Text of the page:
I propose two frameworks for implementing this strategy. The first would be a legal foundation functioning much as the Legal Services Corporation does for the poor, except that its money will come from private donors, not the government. It would be an altruistic endeavor, operating exclusively on behalf of the homeowner or small business being harassed by the regulators. The foundation would pick up all the legal costs of the defense and pay the fines when possible.
The other framework would be occupational defense funds. Let's take advantage of professional expertise and pride of vocation to drive standards of best practice. For example, the American Dental Association could form Dental Shield, with dentists across America paying a small annual fee. The bargain: Dentists whose practices meet the ADA's professional standards will be defended when accused of violating a regulation that the ADA has deemed to be pointless, stupid or tyrannical. The same kind of defense fund could be started by truckers, crafts unions, accountants, physicians, farmers or almost any other occupation.
Overwhelmed by a tidal wave of litigation from an ocean of conservative cash, Uncle Sam will relent. The cost and bad publicity, Murray argues, will increasingly lead to infrequent enforcement. "Faced with many people who are technically breaking the law but who are actually driving safely," he explained using the highway analogy, "state troopers stop only those people who are driving significantly faster than the flow of traffic or driving erratically."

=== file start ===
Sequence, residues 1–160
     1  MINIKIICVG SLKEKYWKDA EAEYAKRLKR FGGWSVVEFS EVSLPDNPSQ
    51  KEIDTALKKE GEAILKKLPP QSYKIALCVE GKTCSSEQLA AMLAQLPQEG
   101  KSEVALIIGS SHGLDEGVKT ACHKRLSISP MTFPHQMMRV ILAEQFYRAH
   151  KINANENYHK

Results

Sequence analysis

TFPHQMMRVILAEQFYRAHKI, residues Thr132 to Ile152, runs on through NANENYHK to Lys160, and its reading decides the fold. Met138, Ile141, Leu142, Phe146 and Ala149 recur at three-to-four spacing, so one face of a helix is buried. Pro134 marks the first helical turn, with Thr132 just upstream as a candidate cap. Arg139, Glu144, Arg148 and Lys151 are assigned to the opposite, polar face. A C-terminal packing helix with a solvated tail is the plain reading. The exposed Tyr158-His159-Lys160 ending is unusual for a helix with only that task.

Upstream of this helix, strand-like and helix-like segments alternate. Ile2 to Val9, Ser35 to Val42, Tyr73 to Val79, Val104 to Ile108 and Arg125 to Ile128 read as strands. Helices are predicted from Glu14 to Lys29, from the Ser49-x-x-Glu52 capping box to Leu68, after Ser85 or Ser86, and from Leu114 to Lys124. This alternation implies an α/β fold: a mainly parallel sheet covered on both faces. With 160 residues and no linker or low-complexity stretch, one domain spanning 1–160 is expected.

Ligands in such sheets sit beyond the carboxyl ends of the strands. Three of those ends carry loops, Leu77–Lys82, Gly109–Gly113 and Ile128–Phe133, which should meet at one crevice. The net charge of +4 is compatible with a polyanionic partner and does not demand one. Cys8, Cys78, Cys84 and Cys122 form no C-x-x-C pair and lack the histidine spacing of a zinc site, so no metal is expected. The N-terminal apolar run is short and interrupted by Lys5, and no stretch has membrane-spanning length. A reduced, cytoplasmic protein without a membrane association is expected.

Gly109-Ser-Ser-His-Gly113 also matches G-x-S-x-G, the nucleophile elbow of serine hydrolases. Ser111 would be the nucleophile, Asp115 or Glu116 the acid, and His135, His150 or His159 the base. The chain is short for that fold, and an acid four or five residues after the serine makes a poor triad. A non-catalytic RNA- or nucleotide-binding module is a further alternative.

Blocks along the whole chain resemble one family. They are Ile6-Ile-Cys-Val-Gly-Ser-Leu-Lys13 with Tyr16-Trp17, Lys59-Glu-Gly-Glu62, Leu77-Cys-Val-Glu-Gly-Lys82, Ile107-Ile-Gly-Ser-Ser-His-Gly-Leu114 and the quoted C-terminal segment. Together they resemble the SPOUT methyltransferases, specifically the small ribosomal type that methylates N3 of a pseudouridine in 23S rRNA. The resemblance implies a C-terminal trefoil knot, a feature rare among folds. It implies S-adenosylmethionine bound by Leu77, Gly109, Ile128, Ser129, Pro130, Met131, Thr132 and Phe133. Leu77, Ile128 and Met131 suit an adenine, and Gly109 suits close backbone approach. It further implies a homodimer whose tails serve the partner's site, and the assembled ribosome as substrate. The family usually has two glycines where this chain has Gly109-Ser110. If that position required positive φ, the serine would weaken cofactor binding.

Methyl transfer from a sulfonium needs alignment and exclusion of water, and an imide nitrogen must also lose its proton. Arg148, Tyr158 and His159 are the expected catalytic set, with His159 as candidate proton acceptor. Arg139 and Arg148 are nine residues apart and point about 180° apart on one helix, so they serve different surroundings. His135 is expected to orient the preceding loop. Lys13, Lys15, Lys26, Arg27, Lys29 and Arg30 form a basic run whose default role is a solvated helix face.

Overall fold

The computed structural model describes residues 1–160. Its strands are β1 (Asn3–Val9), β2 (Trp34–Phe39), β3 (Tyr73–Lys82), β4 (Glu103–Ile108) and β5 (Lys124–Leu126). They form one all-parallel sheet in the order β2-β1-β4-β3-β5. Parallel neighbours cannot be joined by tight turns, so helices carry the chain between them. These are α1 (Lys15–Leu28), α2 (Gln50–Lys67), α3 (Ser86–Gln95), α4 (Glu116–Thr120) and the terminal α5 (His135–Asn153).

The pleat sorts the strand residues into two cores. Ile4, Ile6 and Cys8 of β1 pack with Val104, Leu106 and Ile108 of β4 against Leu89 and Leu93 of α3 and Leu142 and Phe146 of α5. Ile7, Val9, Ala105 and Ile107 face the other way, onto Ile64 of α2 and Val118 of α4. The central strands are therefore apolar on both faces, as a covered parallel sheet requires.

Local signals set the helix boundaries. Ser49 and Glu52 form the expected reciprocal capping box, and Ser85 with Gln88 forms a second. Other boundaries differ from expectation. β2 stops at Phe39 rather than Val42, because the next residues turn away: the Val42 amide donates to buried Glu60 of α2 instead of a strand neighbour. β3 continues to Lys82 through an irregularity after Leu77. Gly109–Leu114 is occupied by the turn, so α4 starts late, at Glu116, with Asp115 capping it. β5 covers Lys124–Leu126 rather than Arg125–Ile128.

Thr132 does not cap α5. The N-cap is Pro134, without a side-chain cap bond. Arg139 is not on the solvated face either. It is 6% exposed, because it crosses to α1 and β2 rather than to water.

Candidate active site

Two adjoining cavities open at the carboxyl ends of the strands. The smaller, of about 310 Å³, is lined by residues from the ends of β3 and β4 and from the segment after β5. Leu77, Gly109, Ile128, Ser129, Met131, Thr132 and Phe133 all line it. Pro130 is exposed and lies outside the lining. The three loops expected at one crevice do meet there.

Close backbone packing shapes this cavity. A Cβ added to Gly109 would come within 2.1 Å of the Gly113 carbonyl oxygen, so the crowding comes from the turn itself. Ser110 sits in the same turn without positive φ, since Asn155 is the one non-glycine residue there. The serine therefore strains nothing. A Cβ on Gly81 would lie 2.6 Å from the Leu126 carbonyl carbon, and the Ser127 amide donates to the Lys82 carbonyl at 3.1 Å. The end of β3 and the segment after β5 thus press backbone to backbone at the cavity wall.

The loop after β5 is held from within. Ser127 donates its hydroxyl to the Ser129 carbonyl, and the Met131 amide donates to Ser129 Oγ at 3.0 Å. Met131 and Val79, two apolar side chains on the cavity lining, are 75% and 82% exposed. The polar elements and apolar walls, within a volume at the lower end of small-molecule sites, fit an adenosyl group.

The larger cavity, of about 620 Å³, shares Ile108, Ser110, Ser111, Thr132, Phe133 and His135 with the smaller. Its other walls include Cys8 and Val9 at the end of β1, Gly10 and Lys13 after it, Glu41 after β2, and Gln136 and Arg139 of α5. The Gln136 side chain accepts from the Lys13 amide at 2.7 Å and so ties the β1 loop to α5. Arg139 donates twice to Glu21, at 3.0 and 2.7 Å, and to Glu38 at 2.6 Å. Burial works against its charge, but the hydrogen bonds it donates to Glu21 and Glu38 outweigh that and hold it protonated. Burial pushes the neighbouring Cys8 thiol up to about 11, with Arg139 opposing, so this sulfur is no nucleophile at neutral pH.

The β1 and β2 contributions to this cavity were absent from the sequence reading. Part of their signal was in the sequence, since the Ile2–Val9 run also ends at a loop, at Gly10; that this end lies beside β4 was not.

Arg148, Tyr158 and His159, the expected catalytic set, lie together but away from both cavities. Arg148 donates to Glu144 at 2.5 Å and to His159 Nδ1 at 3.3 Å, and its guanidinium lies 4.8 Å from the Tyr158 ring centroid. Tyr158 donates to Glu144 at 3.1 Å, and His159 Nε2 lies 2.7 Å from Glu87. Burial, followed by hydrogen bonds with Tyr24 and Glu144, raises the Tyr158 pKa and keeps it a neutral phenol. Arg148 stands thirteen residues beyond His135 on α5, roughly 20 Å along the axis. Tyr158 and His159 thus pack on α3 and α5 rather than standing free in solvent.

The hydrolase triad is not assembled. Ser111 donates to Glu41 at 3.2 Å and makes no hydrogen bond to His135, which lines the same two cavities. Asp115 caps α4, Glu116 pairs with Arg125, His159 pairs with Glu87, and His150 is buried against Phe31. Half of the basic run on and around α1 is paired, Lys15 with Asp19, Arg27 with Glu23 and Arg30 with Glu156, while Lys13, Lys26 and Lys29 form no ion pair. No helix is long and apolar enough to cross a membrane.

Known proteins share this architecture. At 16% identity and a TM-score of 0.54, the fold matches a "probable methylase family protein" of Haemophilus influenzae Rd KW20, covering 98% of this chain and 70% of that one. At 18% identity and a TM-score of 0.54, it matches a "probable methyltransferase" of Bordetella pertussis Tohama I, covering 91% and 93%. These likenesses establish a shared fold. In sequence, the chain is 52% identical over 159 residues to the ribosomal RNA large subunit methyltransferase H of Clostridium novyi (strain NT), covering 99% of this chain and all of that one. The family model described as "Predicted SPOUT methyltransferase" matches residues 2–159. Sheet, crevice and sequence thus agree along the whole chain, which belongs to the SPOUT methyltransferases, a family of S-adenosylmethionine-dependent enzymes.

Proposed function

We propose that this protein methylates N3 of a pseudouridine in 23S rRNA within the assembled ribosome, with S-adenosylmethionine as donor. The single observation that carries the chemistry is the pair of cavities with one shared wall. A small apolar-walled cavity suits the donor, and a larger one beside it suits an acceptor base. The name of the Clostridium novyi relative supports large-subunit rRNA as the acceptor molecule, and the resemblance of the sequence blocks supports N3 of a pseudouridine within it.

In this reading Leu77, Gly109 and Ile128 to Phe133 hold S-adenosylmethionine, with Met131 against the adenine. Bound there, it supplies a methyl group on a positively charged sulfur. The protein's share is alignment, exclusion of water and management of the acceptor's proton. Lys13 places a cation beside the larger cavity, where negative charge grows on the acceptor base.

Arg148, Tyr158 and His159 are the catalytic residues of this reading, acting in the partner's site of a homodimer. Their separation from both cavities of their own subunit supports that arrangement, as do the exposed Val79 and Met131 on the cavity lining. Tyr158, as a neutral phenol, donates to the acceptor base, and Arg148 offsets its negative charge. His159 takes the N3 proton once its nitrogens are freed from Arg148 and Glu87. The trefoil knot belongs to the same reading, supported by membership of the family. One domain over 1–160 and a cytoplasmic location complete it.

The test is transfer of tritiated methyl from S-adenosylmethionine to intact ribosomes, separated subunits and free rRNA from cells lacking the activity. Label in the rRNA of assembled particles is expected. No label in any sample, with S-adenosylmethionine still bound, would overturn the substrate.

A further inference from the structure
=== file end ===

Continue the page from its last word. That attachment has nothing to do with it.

If Murray's program sounds like it longs for a return to the survival of the fittest society predating Progressive Era protections for workers, children and the environment, that's because it does. In that position, he is joined by Kentucky Senator Rand Paul, who lamented how the New Deal Supreme Court overturned the 1905 Lochner decision which declared the "liberty to contract" trumped workplace regulations. As Yale Law professor Akhil Reed Amar warned, "It's a return to the playbook of the early 20th century, and an attack on the progressive movement." Nothing, Lozada explained, would make Charles Murray happier:
Murray spends the first third of his book explaining what's so wretched about our democracy today. The Constitution, that sacred scroll of American exceptionalism, has been eviscerated by progressive meddling, he argues. Murray highlights a "constitutional revolution" during the New Deal era, particularly in Helvering v. Davis, a 1937 Supreme Court case involving the Social Security Act that "destroyed the limits on the federal government's spending authority." Helvering allowed Congress to open its coffers for virtually anything that promotes the "general welfare" stipulated in Article 1, Section 8 of the Constitution, unconstrained by the enumerated powers that followed.
This interpretation "stopped obliging the American government to control itself," Murray writes; it became the wedge allowing federal spending on Social Security, Medicaid, Medicare and K-12 education. It is so embedded in our politics that a reversal now would "throw the country into chaos." No Supreme Court would risk it, and no president would enforce it.